Stone convinces Moon to follow him back to their village. On the way, they come across another Raksura settlement, one Stone had intended to visit, and found the settlement decimated and full of Fell, whom Stone and Moon fight off before escpaing. Upon arrival, Moon is overwhelmed by the number of his type, after living with none since his youth when his mother and siblings died, and is inundated with history and lore of their people, explanations of what they are, and general hostility and unwelcoming nature from his new clan. They then reveal that the Fell have been meeting with their queen to try and negotiate an intermingling of their species, to join together, which the queen is resisting. The clan has fundamental differences in how they want to approach this problem but finally come to some agreements.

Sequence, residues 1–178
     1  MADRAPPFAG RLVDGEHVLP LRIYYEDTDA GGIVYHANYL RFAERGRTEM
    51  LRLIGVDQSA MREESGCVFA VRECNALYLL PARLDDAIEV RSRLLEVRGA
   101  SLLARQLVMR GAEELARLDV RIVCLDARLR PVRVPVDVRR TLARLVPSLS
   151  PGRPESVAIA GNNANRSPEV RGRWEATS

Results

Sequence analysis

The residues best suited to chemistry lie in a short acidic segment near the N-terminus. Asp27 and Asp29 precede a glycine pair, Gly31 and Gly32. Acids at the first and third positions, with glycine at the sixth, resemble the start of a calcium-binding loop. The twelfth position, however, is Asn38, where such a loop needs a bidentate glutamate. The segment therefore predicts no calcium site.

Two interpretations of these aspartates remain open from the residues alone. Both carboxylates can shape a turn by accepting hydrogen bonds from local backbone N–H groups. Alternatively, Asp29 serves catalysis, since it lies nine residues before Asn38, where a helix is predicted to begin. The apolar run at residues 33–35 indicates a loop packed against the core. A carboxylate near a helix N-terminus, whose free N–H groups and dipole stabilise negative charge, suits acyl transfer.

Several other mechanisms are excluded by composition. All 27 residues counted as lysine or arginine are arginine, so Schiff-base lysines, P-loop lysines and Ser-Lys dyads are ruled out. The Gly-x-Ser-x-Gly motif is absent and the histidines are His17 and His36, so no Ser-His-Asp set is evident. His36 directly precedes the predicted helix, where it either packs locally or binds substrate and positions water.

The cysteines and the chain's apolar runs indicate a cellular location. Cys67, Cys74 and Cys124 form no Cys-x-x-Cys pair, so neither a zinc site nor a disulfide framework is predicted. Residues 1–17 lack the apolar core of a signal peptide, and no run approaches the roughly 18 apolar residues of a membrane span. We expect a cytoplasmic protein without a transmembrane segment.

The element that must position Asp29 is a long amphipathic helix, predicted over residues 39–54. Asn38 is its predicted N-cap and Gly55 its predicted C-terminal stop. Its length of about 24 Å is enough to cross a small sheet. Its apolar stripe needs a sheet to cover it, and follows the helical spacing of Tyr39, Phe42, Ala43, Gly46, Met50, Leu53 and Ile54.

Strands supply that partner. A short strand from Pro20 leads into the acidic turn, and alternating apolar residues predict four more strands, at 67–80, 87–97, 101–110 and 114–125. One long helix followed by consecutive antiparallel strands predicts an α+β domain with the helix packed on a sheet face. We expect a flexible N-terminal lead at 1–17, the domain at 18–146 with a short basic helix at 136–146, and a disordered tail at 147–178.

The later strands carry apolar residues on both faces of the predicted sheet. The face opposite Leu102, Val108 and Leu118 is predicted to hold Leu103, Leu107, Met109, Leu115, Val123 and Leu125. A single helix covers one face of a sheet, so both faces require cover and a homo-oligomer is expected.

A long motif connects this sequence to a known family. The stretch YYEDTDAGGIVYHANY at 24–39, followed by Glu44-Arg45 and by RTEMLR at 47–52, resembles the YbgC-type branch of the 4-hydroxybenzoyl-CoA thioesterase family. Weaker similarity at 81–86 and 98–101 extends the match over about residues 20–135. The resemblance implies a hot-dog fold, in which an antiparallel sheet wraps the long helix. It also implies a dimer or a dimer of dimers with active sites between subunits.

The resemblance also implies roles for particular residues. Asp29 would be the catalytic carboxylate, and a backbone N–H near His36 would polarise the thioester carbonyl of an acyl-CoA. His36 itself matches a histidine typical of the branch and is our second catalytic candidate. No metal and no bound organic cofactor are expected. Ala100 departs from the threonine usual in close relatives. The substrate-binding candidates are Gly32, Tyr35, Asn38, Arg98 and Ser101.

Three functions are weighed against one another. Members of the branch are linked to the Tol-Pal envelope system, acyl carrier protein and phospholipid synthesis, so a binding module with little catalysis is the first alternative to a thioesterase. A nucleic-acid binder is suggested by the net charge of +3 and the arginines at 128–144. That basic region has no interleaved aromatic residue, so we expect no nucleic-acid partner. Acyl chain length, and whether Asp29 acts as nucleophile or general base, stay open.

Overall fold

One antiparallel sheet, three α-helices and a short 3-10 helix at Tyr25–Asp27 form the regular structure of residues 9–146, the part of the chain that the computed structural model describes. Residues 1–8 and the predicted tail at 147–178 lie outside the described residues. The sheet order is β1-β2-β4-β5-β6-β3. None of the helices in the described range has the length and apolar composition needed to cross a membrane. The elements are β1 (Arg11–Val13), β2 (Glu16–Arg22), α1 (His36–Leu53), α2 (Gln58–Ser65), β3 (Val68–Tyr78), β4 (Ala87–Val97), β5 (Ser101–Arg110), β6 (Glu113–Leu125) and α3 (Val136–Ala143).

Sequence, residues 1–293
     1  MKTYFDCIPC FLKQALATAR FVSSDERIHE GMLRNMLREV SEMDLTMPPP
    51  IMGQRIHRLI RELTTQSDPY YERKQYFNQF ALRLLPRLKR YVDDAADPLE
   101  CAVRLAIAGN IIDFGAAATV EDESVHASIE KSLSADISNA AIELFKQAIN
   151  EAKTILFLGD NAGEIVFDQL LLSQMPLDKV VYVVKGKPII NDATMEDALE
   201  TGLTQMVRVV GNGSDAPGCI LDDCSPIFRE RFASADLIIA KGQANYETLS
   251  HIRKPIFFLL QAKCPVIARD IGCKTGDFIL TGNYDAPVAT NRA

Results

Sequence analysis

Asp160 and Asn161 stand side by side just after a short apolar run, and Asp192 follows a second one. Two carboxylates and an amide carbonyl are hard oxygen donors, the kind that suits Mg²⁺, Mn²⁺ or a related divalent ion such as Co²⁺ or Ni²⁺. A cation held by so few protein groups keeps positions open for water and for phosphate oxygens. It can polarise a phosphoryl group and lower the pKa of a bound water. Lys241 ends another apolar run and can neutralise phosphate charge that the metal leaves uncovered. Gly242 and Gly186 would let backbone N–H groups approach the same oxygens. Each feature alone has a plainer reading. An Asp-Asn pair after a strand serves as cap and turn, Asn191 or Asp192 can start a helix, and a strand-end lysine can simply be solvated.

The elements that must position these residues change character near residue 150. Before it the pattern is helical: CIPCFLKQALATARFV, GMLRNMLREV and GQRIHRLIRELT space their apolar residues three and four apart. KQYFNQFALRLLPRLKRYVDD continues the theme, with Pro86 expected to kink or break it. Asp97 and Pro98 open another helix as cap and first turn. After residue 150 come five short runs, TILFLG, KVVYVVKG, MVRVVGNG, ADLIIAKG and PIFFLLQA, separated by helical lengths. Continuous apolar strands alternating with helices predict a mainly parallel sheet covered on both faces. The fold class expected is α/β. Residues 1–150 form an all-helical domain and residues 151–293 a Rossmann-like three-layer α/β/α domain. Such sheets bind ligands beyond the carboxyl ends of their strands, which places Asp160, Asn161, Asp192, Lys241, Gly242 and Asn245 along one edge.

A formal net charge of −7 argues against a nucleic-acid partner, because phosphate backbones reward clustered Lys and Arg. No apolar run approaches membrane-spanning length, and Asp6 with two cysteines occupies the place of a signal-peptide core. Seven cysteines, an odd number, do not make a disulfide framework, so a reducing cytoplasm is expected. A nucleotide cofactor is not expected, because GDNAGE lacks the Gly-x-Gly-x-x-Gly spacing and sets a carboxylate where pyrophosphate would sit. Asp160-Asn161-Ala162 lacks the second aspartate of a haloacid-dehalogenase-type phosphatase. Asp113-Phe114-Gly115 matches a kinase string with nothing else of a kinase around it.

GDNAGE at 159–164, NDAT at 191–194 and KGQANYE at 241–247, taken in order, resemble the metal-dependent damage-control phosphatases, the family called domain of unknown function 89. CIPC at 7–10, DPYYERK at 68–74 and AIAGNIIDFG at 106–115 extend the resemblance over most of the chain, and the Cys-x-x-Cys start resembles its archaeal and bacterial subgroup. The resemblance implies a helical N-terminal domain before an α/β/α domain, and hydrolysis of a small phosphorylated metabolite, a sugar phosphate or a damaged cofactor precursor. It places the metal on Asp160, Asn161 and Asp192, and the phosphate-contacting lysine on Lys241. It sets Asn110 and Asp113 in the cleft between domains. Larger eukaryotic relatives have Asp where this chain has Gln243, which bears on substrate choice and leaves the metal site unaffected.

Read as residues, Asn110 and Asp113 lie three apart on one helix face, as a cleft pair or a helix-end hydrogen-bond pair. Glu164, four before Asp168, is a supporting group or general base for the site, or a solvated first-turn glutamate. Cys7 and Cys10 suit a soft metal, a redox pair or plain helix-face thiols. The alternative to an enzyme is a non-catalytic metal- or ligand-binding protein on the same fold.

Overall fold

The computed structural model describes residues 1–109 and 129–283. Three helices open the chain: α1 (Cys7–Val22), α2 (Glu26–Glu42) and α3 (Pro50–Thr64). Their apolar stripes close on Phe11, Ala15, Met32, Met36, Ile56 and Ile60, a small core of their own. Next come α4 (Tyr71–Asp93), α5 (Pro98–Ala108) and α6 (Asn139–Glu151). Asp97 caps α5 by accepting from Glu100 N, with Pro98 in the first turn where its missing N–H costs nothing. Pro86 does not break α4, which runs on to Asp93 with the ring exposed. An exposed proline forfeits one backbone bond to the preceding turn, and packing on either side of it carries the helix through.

Moon leads a party to go to a groundling village to borrow some steampunkesque flying airships to help transport the non-flying members of their clan, in an effort to flee the area and hopefully flee the Fell. Upon returning with the ships, they find that they'd been ambushed by the Fell while the group was away and a large portion of the clan was captured by the Fell. They form a plan to escape with the group they have, which include most of the powerful members of the clan, both queens, and a number of warriors. They devise a plan finally to go back to Moon's previous village and steal the poison used on Moon to poison the Fell. This is successful, and they're able to break back into their own village with the group of Fell weakened, and save many of their clan who were trapped there, while killing a large number of the Fell. Some Fell escape, taking some more of the Raksura with them, so they pursue, Moon leading the charge as the fastest flyer. They arrive at the Fell settlement, where Moon discovers that the Fell have been stealing Raksura, mating with them and making cross-breeds in an effort to further their power and domination. With some improbable timing and help from his clan, Moon is able to defeat the dominant queen of the group, and kill many more of the Fell, with only a few major members escaping, with their elderly dying queen in tow.